Monmouth / About the College / News / Full Story

College to host Great Decisions, Associates Feb. 19-20

Barry McNamara
02/13/2020
Technical Services Librarian Lynn Daw works with students last semester, shortly after the fire at the Monmouth Municipal Airport.
View High Resolution Version
MONMOUTH, Ill. – Two Monmouth College series will continue Feb. 19-20, as the College will host a Great Decisions discussion and the next Monmouth Associates luncheon.

The Feb. 20 Associates program will feature Lynn Daw, the College’s technical services librarian, who will discuss salvaging treasured archives from the Monmouth Municipal Airport, which suffered $1.1 million in damages from a fire last October. The luncheon program will begin at noon in the Whiteman-McMillan Highlander Room of the Stockdale Center.

Among the items rescued that Daw will discuss was a log book belonging to airport operator Mel Lynch. The book contains many years of historical data regarding flights, passengers, destinations and weather conditions. Although water-logged and singed around the edges, the pages were intact.

Daw will also discuss how she was able to use the disaster as a learning experience, engaging the aspiring curators she teaches in an archiving class at the College.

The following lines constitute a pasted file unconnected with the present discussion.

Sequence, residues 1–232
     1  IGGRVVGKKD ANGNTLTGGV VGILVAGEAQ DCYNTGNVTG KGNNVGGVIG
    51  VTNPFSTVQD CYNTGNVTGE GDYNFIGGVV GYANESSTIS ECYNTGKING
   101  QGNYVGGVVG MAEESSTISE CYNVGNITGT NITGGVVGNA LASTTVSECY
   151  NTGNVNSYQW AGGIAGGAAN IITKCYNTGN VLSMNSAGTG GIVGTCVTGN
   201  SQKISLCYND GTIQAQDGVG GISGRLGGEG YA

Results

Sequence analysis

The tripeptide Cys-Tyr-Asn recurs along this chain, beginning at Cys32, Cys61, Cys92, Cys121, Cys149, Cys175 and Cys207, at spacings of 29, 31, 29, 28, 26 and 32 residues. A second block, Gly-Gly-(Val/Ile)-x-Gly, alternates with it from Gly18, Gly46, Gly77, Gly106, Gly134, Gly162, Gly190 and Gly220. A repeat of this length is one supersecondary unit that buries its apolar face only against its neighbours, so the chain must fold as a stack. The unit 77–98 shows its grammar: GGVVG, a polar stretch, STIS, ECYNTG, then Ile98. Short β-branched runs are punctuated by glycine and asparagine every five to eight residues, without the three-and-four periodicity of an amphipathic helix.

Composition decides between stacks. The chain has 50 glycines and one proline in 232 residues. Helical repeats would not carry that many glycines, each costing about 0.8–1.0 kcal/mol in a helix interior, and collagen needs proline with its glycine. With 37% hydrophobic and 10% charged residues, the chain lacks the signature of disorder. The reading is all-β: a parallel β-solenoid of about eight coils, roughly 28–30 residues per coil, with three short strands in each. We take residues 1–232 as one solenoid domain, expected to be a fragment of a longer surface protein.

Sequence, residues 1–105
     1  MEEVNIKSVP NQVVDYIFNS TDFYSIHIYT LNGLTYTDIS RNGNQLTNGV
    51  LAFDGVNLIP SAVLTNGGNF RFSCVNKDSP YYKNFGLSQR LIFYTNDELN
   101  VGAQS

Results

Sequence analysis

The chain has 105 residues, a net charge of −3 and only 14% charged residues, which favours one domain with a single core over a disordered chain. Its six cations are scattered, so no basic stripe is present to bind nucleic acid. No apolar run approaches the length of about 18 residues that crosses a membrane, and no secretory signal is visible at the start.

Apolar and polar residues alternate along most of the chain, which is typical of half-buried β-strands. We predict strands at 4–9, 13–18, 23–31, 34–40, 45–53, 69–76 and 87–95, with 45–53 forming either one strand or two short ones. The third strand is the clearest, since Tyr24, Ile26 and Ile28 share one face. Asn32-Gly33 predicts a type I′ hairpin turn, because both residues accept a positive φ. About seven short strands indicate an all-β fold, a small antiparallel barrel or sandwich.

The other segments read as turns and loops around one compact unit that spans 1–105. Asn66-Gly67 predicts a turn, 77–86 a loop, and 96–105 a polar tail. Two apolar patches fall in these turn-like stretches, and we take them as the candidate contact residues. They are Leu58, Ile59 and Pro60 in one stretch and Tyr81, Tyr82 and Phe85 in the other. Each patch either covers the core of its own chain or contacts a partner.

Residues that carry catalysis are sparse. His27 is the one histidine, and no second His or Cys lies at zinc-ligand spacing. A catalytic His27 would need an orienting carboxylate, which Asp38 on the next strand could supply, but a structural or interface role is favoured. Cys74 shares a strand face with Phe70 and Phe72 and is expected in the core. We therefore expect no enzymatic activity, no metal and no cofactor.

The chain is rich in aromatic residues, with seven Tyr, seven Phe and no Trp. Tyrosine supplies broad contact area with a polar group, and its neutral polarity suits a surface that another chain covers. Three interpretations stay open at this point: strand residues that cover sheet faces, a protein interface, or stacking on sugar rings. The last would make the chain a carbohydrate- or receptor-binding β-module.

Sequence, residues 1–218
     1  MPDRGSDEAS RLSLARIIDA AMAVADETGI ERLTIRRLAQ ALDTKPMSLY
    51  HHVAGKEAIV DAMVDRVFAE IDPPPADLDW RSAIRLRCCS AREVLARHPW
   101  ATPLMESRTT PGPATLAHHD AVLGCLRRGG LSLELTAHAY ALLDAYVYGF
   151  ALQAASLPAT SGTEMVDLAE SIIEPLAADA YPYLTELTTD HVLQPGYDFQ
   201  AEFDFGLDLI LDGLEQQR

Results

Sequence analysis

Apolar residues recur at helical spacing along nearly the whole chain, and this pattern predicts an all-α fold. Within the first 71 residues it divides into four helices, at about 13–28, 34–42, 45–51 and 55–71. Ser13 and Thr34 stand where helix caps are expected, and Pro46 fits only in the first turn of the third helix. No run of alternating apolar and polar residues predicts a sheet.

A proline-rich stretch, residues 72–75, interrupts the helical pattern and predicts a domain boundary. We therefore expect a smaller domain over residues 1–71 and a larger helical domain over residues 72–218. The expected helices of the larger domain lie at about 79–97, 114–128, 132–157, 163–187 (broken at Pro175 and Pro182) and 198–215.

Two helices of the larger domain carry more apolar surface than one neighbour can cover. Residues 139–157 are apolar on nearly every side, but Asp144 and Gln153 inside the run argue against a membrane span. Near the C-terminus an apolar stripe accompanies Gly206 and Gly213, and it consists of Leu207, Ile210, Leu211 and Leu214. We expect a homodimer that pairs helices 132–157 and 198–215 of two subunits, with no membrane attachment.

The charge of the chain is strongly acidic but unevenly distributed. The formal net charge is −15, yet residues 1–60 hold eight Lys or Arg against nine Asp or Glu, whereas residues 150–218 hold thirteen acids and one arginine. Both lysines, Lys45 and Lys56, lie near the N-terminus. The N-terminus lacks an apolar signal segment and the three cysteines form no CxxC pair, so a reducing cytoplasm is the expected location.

The cost for a buffet lunch is $10 ($9 for Monmouth faculty and staff). Reservations can be made by calling 309-457-2231 by Feb. 18 or by email at alumni@monmouthcollege.edu.

A free shuttle van transports passengers from two locations to every Associates luncheon. The van stops at the northeast quadrant of the Public Square at 11:45 a.m. and at the Faith United Presbyterian Church parking lot at around 11:50 a.m. It returns to both locations immediately following the program. Shuttle reservations can be made by calling 309-457-2231.

Parking is available in the Stockdale Center lot or along North Ninth Street.

The prior evening, Feb. 19, communication studies professor Trudi Peterson will lead the next Great Decisions program at 7:30 p.m. in Room 276 of the Center for Science and Business. The topic for the week is “Modern Slavery and Human Trafficking.”

At multiple billions of dollars in international trade per annum, human trafficking continues to be one of the fastest-growing criminal industries.

While undeniably a global phenomenon, the United States, as one of the world’s leading human trafficking importers, bears a special responsibility to combat this practice. The U.S. and the international community have adopted various treaties and laws to prevent trafficking, but to truly understand and combat the issue, they must find the root causes enabling traffickers to exploit millions of victims.